Stapleton Pediatrics Blog

Helping Kids Cope with the Death of a Loved One

By Nicole Erwin, MD

The death of a close relative or friend can be traumatic for anyone, especially a child. It may be difficult to know how to best help your child, especially if you are experiencing your own grief. Your pediatrician is an important source for education and support during such a difficult time. Please reach out to us at anytime, and here is some information that can help you help your child cope.
 
A child’s age will greatly determine how they will respond to the death of a relative. It’s important to know the developmental phases of understanding death in order to best know how to talk to and help your child.

Infants and Toddlers 
Infants and toddlers may perceive that adults are sad but have no real understanding of the meaning or significance of death.

Preschoolers
Preschoolers may see death as reversible, or a separation, rather than permanent and may link the death with certain events and magical thinking.
 
Early Elementary School Age
Five- to nine-year-olds will start to comprehend the finality of death and that certain circumstances may result in death, but death is perceived as something that happens to others, not to oneself or one’s family.

Middle School Age
Middle schoolers comprehend death as a final event that results in the cessation of all bodily functions. They may experience a variety of feelings and emotions, and their expressions may include acting out or self-injurious behaviors as a means of coping with their anger, vengeance and despair.

High School Age
Most teens fully grasp the meaning of death in circumstances such as an automobile accident, illness and disasters. They may seek out friends and family for comfort, or they may withdraw to deal with their grief.
 
So what should you say and do to help your child? Here are some guidelines from Dr. Alan Wolfelt, director of the Center for Loss and Life Transition in Fort Collins, Colo.
 
- Be a good listener; give the child the opportunity to tell his or her story.
- Don’t assume that every child in a certain age group understands death in the same way or with the same feelings.
- Grieving is a process, not an event. Allow adequate time for each child to grieve in the manner that works for him or her.
- Encourage the child to ask questions about loss and death. It’s okay not to know the answers.
- Don’t lie or tell half-truths to the child about the tragic event, e.g., telling a child the deceased is “sleeping.”
- Give the child information at the level that he or she can understand.
- Create special rituals or ways to remember the loved one.
 
It’s also important to be aware of the wide range of emotions that children experience after a loss, including:
- Decreased concentration and attention (in school or home)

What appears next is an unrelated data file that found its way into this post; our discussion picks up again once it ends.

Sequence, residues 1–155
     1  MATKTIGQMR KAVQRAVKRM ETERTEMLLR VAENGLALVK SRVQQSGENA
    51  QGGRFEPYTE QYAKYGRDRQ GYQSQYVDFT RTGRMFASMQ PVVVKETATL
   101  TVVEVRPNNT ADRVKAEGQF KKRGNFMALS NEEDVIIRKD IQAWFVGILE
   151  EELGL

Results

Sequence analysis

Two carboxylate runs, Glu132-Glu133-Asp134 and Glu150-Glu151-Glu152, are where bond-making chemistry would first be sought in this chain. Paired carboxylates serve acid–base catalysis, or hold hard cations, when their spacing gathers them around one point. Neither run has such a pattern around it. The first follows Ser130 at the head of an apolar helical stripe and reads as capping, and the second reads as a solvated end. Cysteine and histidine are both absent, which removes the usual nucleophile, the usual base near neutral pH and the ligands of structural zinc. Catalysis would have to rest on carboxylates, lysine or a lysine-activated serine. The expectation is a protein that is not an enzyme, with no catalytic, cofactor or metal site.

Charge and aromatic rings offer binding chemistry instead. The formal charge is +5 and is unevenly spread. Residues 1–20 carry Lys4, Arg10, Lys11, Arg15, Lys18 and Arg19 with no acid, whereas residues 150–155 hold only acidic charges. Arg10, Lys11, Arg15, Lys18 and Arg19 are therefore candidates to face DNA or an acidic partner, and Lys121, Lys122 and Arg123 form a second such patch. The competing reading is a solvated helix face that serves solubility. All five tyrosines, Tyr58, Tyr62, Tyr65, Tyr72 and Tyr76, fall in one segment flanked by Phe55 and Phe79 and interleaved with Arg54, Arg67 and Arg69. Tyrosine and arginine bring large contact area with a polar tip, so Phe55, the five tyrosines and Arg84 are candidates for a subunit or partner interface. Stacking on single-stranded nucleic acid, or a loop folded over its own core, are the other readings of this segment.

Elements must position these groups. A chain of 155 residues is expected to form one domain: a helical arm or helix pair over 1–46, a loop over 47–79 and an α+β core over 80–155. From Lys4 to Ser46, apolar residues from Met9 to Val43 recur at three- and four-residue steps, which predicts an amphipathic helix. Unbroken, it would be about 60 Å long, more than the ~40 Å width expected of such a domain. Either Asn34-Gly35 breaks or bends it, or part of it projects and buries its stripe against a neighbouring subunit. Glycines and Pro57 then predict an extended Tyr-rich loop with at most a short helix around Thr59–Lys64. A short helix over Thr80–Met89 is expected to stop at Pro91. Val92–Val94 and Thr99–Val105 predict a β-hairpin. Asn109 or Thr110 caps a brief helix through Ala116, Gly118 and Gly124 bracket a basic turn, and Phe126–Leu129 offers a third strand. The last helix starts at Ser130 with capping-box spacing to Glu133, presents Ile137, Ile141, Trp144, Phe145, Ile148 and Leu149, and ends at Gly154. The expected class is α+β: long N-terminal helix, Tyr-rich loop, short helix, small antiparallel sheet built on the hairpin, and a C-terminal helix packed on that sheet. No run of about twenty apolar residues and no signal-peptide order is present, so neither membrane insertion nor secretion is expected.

- Changes in sleep, appetite and/or mood
- Sadness or depression
- Changes in school performance
- Increased irritability, increased anger outbursts, or temper tantrums
- Changes in activities
- Withdrawal from family members, peers or activities
 
Everyone experiences grief differently. Be patient with your child, and take note of any symptoms of grief. We can help you assess the severity of symptoms and determine if you need to consult a grief counselor. As pediatricians, we are there for our families in good times and bad. Please don’t hesitate to reach out to us.

Disclaimer: This information is not intended be a substitute for professional medical advice. It is provided for educational purposes only. You assume full responsibility for how you choose to use this information.
 
 
Additional resources:
 
www.childrenscolorado.org/wellness-safety/health-library/for-parents/feelings-emotions/helping-your-child-deal-with-death
 
http://www.judishouse.org
 
http://www.thedenverhospice.org/ourservices/griefservices/Pages/FootprintsChildren'sGriefCenter.aspx
 
http://www.childrenscolorado.org/about/family-services/bereavement/resources
 
https://www.moyerfoundation.org/nbrg/pdf/BereavementResourceGuide_Colorado.pdf
 
http://www.newyorklife.com/achildingrief
 
www.dougy.org
 
http://childgrief.org
 
Posted: 12/15/2015 12:03:11 PM by | with 1 comments
Filed under: cope, death, denver, erwin, loved, nicole, pediatrician, pediatrics, relative, stapleton


Comments
Jessica
I would like to thank you for sending this information out. My children lost thier father 4 yrs ago and we went to Foothills and then Judi's House and I cannot say enough good things about both organizations. They helped us through what was one of the most difficult experiences I have gone though. I highly recommended both and Dr. Brandon from Stapleton was also very supportive during that time as well. With thanks to all.
12/16/2015 10:03:26 AM

Leave comment



 Security code


Is Your Child Sick?

What's New?

  • Accepting New Patients!

    Stapleton Pediatrics is currently accepting new patients. Please contact us to schedule a appointment today!